by Rahul KumarDec 01, 2022
The legacy of American designers Charles and Ray Eames garners a perennial fandom. The trailblazing pair who started off with designing plywood leg splints eventually moved to designing domestic furniture and residential architecture. The Eameses, besides their stellar footing in the spatial design domain, were also excellent image-makers. While their approach to every piece of work was an effort in problem-solving, the two were equally invested in communicating their ideas about modern life through photography. Postcards were an imperative medium of correspondence for them. The two profusely used the four-by-six-inch space in communicating with each other as well as with friends and family. They harnessed it as a marketing tool for their studio’s sole furniture distributor in 1947 – the Herman Miller Furniture Company. The Eames Institute of Infinite Curiosity, a web-based platform responsible for stewarding the pair’s remarkable body of work, is presenting an online exhibition showcasing many such postcards. Dubbed Return to Sender, the exhibition brings an elaborate visual ephemera from the Eames collection that is intimate and insightful at the same time.
Documentation of everyday life, work and the environment was an obsession for Charles Eames (1907-1978) and Bernice Alexandra “Ray” Kaiser Eames (1912-1988). As spectacularly as they paid attention to creating furniture and spaces, the two also possessed hawk eyes when it came to creating meticulously orchestrated images where every little detail was considered: be it lighting, styling or the camera angle. This passion for image-making was what led the two to produce over 125 short films in 40 years of their practice. Speaking of the visual world, postcards could be viewed as a window to the duo's language and vision. They often collected these as souvenirs from their international work trips – the ephemera capturing imagery they were drawn to at a specific moment - and mailed these to friends or simply kept them for themselves. One such postcard presented as part of the exhibition carries the painted image of a slice of watermelon. It was used by Charles in 1955 to reach out to Ray from his trip to France where he was working as a photographer for the 1957 aviation biography film, The Spirit of St. Louis. The flip side of the luscious snapshot carried a note where he succinctly described to his wife the experience of tasting some extraordinary meals that the film crew was served every night.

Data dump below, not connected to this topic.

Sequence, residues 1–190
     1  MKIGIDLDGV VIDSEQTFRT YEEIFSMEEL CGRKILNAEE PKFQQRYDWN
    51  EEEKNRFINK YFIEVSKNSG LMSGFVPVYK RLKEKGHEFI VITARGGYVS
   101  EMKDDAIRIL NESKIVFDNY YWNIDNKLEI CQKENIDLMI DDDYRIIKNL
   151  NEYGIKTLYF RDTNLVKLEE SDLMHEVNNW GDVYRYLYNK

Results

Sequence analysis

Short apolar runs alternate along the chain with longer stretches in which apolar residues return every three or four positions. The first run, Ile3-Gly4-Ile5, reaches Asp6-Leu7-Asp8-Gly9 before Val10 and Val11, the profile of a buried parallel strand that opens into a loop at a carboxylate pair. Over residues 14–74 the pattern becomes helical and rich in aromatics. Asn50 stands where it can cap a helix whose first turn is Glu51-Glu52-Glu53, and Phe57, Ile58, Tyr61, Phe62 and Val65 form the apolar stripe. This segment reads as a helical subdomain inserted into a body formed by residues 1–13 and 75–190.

Another postcard reveals his correspondence with his sister, Adele, and brother-in-law, Vincent, who stayed in Mississippi. It was a warm vignette from his trip to the Hermitage Museum in St. Petersburg which the doting brother complemented with a rather condensed expression. “Love, Charles”, the postcard read in Russian characters.
In another instance, Ray wrote to Adele and Vincent on a bright pink postcard of the City Palace Jaipur while she was on a work trip to India with her husband in 1970. In her message she described her journey and the whimsical chaos of experiencing India in four words, “rushed, fascinating, frustrating, and memorable.”
On the commercial side, postcards from the Eameses' career were either promotional material that the duo designed for Herman Miller or those made by a wide array of businesses as marketing collectable items in view of the couple’s popularity as harbingers of modernity. "The Eames Office viewed the creation of communications and marketing material related to their products as an integral dimension of their role as designers," states the Eames Institute. What the power couple created through the course of their career effectively resonates with their idea of 'making the best for the most for the least'. And to communicate the essence of their furniture, which was unlike what most customers had seen before, postcards became an important tool of storytelling to reach out to the customers. In other cases when the couple were touted as celebrities, third parties printed postcards with vignettes of Eameses products and exhibitions to catch the attention of people. These featured glimpses of plush international properties that used furniture designed by the Eames office. The images symbolised luxury in a world that was suddenly dominated by modern forward-thinking sensibilities. According to the Eames Institute, “The Town & Country Motel in Lincoln, Nebraska, promoted its luxurious rooms by showing its bridal and fireside suites furnished with Shell Chairs on a 1954 postcard.” In another instance, “The Nut Tree, an attraction and amusement-filled destination that opened in 1921 in Vacaville, California,” was shown in 1965 souvenir postcards which featured Shell Chairs in its restaurants and shops, and Aluminium Group seating in the outdoor areas.
The hundreds of postcards preserved by the Eames Collection and presented as part of this exhibition reveal a cross-section of the world of the pioneers of 20th century modern design. It’s interesting and perhaps slightly ironic to peek into the grandiosity of the duo's legacy and bits from their personal lives through a four-by-six inch window where a brevity of words and a strong visual reference were drivers of storytelling.